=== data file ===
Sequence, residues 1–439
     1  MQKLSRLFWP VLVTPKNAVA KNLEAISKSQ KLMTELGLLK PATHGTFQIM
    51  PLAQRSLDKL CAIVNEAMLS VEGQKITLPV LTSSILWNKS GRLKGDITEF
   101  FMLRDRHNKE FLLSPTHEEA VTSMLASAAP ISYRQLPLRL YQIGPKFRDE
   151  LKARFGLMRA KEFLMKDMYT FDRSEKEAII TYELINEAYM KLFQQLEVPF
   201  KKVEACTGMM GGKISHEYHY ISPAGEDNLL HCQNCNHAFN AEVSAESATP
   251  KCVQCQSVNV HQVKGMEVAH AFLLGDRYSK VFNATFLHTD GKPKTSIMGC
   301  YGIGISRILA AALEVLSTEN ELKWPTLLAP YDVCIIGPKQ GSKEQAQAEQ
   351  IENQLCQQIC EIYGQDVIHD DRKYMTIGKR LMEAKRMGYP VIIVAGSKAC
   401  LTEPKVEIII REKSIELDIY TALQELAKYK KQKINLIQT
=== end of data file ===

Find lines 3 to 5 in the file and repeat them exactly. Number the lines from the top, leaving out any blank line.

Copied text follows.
    51  PLAQRSLDKL CAIVNEAMLS VEGQKITLPV LTSSILWNKS GRLKGDITEF
   101  FMLRDRHNKE FLLSPTHEEA VTSMLASAAP ISYRQLPLRL YQIGPKFRDE
   151  LKARFGLMRA KEFLMKDMYT FDRSEKEAII TYELINEAYM KLFQQLEVPF